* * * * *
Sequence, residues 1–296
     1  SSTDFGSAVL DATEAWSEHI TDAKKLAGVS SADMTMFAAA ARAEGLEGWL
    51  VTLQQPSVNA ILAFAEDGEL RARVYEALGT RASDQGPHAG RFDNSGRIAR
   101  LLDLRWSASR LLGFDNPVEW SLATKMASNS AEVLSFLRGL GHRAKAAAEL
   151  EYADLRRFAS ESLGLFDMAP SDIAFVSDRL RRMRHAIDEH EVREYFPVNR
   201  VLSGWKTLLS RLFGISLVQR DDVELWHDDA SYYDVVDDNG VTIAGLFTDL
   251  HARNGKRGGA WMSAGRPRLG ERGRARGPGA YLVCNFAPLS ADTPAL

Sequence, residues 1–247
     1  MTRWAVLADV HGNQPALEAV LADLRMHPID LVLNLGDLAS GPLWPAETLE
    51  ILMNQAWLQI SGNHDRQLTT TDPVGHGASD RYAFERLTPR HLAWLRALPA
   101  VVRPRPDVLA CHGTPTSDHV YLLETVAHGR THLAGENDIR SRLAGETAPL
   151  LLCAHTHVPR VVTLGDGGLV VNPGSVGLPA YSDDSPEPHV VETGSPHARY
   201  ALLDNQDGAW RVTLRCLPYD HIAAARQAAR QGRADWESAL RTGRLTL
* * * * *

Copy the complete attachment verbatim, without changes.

Sequence, residues 1–296
     1  SSTDFGSAVL DATEAWSEHI TDAKKLAGVS SADMTMFAAA ARAEGLEGWL
    51  VTLQQPSVNA ILAFAEDGEL RARVYEALGT RASDQGPHAG RFDNSGRIAR
   101  LLDLRWSASR LLGFDNPVEW SLATKMASNS AEVLSFLRGL GHRAKAAAEL
   151  EYADLRRFAS ESLGLFDMAP SDIAFVSDRL RRMRHAIDEH EVREYFPVNR
   201  VLSGWKTLLS RLFGISLVQR DDVELWHDDA SYYDVVDDNG VTIAGLFTDL
   251  HARNGKRGGA WMSAGRPRLG ERGRARGPGA YLVCNFAPLS ADTPAL

Sequence, residues 1–247
     1  MTRWAVLADV HGNQPALEAV LADLRMHPID LVLNLGDLAS GPLWPAETLE
    51  ILMNQAWLQI SGNHDRQLTT TDPVGHGASD RYAFERLTPR HLAWLRALPA
   101  VVRPRPDVLA CHGTPTSDHV YLLETVAHGR THLAGENDIR SRLAGETAPL
   151  LLCAHTHVPR VVTLGDGGLV VNPGSVGLPA YSDDSPEPHV VETGSPHARY
   201  ALLDNQDGAW RVTLRCLPYD HIAAARQAAR QGRADWESAL RTGRLTL